CATALOGUE NUMBER 0207
BLUE & WHITE YEN-YEN VASE
KANGXI PERIOD (1661-1722)
Height: 17 ½ inches
The Chinese Porcelain Company, Ltd., New York, 2000
Boston, Museum of Fine Arts, no. 31
A blue and white yen yen vase with official receiving dignitary. Decorated with narrative themes in the tradition of seventeenth century Transitional wares, this superbly painted blue and white yen yen vase is decorated with dramatic episodes based on woodblock prints of popular novels of the period. Two similar scenes are painted on the body and the neck, both depicting a Chinese figure paying respect to a dignitary of Emperor. The use of parallel blue "slashes" on the backdrop behind the dignitary suggests that the original source of the scene was a woodblock print. Other stiffly rendered motifs such as the spiraling clouds and tall painted trees on the opposite side also relate back to the woodblock style. The scenes are unusual in that they are not enclosed within the confines of a panel and continue around the entirety of the vase. Distinguishing this vase from earlier seventeenth century transitional wares is the deep tone of cobalt and brilliant white porcelain that represent the apogee of blue and white porcelain that was reached during the Kangxi period. The double coin mark within a double blue line circle on the base indicates that this vase was made sometime after 1680 when Kangxi outlawed the use of his nianzhi.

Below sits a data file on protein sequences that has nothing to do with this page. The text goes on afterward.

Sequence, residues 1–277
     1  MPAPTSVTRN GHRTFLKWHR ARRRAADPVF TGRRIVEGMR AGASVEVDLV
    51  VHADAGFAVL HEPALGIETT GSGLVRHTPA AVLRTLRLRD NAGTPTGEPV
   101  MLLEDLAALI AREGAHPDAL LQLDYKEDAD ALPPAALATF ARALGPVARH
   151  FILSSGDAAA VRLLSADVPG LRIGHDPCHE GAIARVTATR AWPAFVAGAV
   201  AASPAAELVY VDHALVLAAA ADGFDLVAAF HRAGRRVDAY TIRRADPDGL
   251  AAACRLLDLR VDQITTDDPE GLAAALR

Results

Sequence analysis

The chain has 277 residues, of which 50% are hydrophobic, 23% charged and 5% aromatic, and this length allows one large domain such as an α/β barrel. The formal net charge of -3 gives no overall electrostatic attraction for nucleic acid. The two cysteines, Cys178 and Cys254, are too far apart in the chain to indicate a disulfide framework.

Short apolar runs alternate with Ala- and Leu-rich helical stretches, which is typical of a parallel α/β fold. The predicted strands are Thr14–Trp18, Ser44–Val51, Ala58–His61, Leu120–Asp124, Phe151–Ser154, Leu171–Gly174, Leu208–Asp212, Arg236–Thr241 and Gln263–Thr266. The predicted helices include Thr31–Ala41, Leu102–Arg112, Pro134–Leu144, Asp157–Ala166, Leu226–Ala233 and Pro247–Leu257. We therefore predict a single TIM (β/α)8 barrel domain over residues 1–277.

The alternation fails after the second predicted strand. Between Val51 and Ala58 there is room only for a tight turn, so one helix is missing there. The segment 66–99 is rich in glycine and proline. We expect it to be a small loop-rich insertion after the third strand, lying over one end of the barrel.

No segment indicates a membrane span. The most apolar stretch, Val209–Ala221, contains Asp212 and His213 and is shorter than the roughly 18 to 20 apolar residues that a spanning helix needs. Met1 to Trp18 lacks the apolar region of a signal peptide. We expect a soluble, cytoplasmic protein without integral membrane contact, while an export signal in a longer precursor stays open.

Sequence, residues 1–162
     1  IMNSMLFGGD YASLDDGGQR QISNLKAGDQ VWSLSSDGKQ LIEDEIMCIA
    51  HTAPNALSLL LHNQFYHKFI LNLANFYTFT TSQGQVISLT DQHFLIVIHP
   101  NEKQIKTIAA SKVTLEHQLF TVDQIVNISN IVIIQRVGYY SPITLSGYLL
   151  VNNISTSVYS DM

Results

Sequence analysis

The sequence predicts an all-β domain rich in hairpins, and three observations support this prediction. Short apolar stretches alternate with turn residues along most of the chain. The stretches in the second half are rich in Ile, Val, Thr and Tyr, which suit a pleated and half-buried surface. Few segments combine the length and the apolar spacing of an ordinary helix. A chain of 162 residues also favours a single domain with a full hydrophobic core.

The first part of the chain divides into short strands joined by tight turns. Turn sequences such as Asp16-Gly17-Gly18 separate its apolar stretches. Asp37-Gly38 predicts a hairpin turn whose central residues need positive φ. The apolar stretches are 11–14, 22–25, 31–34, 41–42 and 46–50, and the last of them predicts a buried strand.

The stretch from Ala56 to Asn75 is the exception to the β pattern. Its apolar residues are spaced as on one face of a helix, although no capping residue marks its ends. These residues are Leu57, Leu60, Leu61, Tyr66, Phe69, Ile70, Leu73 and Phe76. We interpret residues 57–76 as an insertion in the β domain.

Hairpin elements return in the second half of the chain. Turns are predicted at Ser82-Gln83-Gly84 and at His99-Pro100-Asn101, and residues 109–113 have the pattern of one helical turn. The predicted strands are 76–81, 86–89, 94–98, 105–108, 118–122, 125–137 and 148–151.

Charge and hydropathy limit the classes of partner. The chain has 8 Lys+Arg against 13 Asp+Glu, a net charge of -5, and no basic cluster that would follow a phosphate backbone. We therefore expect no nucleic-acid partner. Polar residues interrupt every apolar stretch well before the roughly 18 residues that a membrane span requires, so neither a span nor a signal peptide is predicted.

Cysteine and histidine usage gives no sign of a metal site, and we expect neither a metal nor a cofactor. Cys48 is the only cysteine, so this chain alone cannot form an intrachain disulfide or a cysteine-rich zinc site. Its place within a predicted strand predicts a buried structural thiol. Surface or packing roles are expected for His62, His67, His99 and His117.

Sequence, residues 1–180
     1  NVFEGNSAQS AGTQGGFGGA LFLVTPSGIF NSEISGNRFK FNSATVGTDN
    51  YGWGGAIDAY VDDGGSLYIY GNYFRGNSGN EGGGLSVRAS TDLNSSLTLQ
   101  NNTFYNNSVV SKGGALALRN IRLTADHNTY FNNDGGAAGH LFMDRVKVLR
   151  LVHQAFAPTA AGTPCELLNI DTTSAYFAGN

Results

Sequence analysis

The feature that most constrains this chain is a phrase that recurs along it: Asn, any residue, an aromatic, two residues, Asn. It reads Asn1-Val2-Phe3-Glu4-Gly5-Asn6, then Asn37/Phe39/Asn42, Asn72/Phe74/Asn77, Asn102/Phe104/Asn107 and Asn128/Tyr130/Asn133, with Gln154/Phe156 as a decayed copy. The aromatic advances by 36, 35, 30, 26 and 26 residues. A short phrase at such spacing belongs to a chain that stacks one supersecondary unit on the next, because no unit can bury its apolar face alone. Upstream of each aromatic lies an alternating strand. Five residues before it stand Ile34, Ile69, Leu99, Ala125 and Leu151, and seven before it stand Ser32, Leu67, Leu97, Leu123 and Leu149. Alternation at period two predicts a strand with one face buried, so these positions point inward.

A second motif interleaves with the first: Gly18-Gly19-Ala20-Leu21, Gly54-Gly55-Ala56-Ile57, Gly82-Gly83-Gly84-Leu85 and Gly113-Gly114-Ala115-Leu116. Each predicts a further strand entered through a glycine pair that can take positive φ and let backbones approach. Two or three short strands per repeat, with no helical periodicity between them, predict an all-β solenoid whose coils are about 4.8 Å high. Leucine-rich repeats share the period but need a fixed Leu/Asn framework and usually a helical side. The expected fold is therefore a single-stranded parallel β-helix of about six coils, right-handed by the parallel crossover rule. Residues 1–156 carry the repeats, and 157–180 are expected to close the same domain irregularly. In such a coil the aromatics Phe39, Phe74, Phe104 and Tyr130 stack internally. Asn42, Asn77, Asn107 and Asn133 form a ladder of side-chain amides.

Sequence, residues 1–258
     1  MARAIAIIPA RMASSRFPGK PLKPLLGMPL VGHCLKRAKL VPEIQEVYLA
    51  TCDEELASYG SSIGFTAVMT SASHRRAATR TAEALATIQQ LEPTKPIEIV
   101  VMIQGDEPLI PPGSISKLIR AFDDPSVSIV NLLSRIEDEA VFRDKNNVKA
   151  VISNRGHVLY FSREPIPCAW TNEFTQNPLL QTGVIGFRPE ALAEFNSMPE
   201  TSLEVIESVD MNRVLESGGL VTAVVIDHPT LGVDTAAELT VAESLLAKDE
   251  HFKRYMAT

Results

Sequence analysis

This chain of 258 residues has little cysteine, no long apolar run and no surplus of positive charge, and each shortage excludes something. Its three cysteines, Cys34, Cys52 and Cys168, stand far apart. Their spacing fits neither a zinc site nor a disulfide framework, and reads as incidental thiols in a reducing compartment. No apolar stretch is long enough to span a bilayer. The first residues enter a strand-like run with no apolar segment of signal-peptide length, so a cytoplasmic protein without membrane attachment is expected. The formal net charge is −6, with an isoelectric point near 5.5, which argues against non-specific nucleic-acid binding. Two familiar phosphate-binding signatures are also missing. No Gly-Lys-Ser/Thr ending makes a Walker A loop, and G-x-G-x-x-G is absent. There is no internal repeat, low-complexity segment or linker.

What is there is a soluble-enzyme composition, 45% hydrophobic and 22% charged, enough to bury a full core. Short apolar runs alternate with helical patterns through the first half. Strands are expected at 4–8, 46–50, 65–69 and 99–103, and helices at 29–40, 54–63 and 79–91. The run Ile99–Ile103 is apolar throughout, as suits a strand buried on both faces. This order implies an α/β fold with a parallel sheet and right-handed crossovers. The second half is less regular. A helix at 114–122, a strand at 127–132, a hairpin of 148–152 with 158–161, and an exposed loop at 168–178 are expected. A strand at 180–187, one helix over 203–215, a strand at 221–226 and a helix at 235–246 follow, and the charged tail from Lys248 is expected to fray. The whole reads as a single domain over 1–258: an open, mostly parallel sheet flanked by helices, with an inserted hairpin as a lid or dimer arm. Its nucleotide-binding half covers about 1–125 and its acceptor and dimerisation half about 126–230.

Although the woodblock print flourished as an art form in the sixteenth century, its use as a design source for ceramics was not widely practiced until the seventeenth century. As the Ming Dynasty began to crumble in the beginning of the seventeenth century, many themes from antiquity were used on porcelain to promote exemplary morals.